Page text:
By Rob Shaul
1. Bench Press
I’ve received several emails over the years from CrossFit and other athletes questioning why MTI programmed the Bench Press in its strength sessions. Perhaps it’s my age (50), but I grew up in a weight room long before the functional fitness craze started, and in the old days, the Bench Press was KING!
Forget trying to find an open bench and rack on Mondays after work! All the monster meatheads were doing their heavy sets and if you were a short, skinny, kid like me, asking to “work in” was akin to suicide.
So I’ll admit right up front, one reason the classic Bench Press is one of MTI’s favorite upper body “press” exercise is weight room tradition. And today, even at MTI, the other old guys I train with daily – all in their 40s – enjoy bench press days.
But tradition isn’t the only reason. Many coaches consider the Bench Press the “King” of upper body exercises – with its unique ability to isolate chest, shoulders, and triceps, and allow heavy loading for these muscle groups. I’m one of these coaches.
Watch this video for my 5-6 “Super Secret” Bench Press Secrets ….
As well, from a coaching perspective, it’s pretty darn hard to mess up the bench press technique-wise for new athletes. Certainly, for veteran athletes pushing bench press personal records after years of training, detailed technique can make a huge difference. But for new athletes or the “industrial” athletes I program for, perhaps no other exercise is as simple to complete. The more I coach and program, the more I come to love “simple” – and the bench press fits this bill for upper body strength training.
Finally, I’ve found the bench press and front squat surprising siblings when it comes to comparing an individual athlete’s upper body vs. lower body strength balance. For a balanced athlete, his 1 Repetition Maximum (1RM) Bench press, and 1RM Front squat will be within 10 pounds of each other.
I can always tell who has been a bodybuilding meathead, and who has been a skinny endurance athlete when athletes email me with programming questions and I ask for their 1RM bench press and front squat. The bodybuilder’s bench is always significantly greater than his front squat, and vice versa for the endurance athletes.
This balanced relationship between bench press and front squat 1RM and bench press 1RM also extends to max reps at the same load. For example, our Operator Ugly Fitness Assessment tests bench press max reps and front squat max reps at the same 185-pound load for men, and with balanced athletes, these numbers are very close, if not the same.
2. Push Press
The Push Press is perhaps the most “functional” of all upper body press strength exercises. At work and in daily life, we often have to take something heavy from the floor or ground and push it up onto a shelf, vehicle, etc., high above our heads. If it’s really heavy, we push press it.
Indeed, it’s probably not completely accurate to call the Push Press an upper body press exercise – it could be fairly considered a total body exercise in the way it uses the legs for more push and the core for stability.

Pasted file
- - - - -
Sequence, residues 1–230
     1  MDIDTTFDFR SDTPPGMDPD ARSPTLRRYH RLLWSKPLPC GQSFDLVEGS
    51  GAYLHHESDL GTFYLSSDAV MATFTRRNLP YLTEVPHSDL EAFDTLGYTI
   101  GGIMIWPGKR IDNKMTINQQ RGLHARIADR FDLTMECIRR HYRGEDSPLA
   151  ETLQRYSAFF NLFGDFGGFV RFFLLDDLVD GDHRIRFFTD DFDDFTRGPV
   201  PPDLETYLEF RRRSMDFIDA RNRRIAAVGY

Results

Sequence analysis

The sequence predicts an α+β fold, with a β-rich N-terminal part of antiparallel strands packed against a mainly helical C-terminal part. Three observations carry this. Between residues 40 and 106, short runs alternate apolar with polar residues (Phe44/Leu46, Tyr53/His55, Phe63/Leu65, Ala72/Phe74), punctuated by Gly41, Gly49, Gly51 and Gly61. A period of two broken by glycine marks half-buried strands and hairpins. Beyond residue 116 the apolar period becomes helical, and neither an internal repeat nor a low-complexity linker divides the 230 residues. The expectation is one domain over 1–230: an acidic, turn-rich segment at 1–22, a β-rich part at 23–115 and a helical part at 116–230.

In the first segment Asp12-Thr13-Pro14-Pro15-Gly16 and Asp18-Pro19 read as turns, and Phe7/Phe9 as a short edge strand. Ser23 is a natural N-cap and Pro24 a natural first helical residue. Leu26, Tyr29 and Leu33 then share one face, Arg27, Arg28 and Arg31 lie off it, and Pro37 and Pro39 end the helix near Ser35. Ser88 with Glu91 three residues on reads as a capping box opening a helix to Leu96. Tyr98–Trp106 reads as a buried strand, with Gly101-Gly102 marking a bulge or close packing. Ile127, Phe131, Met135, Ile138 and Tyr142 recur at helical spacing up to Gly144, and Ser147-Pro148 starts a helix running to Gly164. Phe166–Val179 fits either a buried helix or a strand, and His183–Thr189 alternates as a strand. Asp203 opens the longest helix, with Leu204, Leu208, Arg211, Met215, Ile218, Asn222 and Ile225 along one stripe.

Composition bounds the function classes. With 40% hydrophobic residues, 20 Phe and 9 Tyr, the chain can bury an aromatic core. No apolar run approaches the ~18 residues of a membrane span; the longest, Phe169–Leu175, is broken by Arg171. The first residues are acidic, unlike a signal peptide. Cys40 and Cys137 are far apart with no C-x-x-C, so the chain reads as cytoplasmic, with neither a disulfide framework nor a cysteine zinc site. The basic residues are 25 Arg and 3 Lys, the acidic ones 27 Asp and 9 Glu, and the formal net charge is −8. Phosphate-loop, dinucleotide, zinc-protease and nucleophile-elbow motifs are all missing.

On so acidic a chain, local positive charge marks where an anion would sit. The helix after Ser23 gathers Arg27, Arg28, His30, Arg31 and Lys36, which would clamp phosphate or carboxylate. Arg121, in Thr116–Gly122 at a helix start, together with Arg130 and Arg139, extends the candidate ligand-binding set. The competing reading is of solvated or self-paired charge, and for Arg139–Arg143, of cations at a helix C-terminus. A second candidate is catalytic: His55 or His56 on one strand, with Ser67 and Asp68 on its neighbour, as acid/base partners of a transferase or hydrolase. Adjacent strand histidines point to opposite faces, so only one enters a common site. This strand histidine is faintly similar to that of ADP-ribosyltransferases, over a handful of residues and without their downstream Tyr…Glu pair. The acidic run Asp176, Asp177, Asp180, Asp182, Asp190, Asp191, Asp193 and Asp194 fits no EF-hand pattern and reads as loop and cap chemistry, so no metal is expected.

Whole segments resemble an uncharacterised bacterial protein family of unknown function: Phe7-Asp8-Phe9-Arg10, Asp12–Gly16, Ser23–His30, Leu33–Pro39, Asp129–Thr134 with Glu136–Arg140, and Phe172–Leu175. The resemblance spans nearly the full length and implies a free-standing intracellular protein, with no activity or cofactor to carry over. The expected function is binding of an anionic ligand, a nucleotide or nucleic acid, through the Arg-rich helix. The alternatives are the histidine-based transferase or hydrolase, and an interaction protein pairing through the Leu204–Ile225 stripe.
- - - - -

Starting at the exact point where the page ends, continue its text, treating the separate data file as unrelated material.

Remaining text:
One downside to this exercise is it is more “technical” than it seems. It’s not quite as technical as the Jerk, but it’s not a brainless exercise like the Bench Press nearly is. The dip and push need to be timed correctly, and the bar ideally resting on the shoulders in the “rack” position to maximize the force from the legs. This takes technique, and wrist flexibility many of the industrial athletes I work with struggle at. I struggle with it too….
Ideally, the bar travels straight up from the chest on the push – if it doesn’t, and travels a little forward of the athlete, the exercise is much more difficult.
Another issue is that the “sticking point” of the push press, a few inches above the head, can put a lot of stress on the low back. For this reason, when programming, I try not to program push presses and hinge lifts (our version of the deadlift) in the same training session – simply because of the work the low back gets with both exercises.
Why do I favor the Push Press over the strict Military Press? I’ve found it difficult for athletes, when they get heavy with the Military Press, not to use their legs … so I decided not to fight it, and just have them do push presses.
3. Scotty Bob
A tactical athlete visiting the gym taught me this exercise years ago, and at first, the Scotty Bob doesn’t look like a strength exercise. Rarely, if ever, do I adjust loading – women are always at 15-pound dumbbells and men at 25-pound dumbbells.
Why not increase the load? Because the difficulty comes not from raising each dumbbell in the row, but rather knocking out the push ups between row reps.
Scotty Bobs require athletes to do push ups with their hands elevated off the flow on dumbbells and thus increase the range of motion of the push up a couple inches. It doesn’t seem like much, but just try to complete 6 rounds of 5x Scotty Bobs (10 push ups each round) without breaking the final couple sets. Scotty Bobs are no joke!!
Years ago, before I implemented our Garbage Reps exercise restrictions, we had this stupid workout I called the “Fuckin’ 400” – which was 400x total loaded squatting movements – for example, 10 rounds of 10x Front Squats @ 95#. I often programmed 5x Scotty Bobs @ 25# as the “rest” exercise between squat sets, and we came to dread the Scotty Bobs more than the squats!
Scotty Bobs are no joke!
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